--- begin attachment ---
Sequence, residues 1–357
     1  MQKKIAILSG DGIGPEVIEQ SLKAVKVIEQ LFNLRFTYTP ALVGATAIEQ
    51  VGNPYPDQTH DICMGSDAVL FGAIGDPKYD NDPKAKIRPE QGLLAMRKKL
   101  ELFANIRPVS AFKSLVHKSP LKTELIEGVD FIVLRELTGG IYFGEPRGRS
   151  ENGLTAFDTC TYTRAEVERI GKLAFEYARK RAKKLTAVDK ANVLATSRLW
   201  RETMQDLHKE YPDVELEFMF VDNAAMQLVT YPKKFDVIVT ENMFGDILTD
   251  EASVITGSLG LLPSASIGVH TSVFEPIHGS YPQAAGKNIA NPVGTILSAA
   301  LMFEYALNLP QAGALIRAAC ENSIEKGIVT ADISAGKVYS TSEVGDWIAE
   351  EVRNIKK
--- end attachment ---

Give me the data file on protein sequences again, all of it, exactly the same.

Sequence, residues 1–357
     1  MQKKIAILSG DGIGPEVIEQ SLKAVKVIEQ LFNLRFTYTP ALVGATAIEQ
    51  VGNPYPDQTH DICMGSDAVL FGAIGDPKYD NDPKAKIRPE QGLLAMRKKL
   101  ELFANIRPVS AFKSLVHKSP LKTELIEGVD FIVLRELTGG IYFGEPRGRS
   151  ENGLTAFDTC TYTRAEVERI GKLAFEYARK RAKKLTAVDK ANVLATSRLW
   201  RETMQDLHKE YPDVELEFMF VDNAAMQLVT YPKKFDVIVT ENMFGDILTD
   251  EASVITGSLG LLPSASIGVH TSVFEPIHGS YPQAAGKNIA NPVGTILSAA
   301  LMFEYALNLP QAGALIRAAC ENSIEKGIVT ADISAGKVYS TSEVGDWIAE
   351  EVRNIKK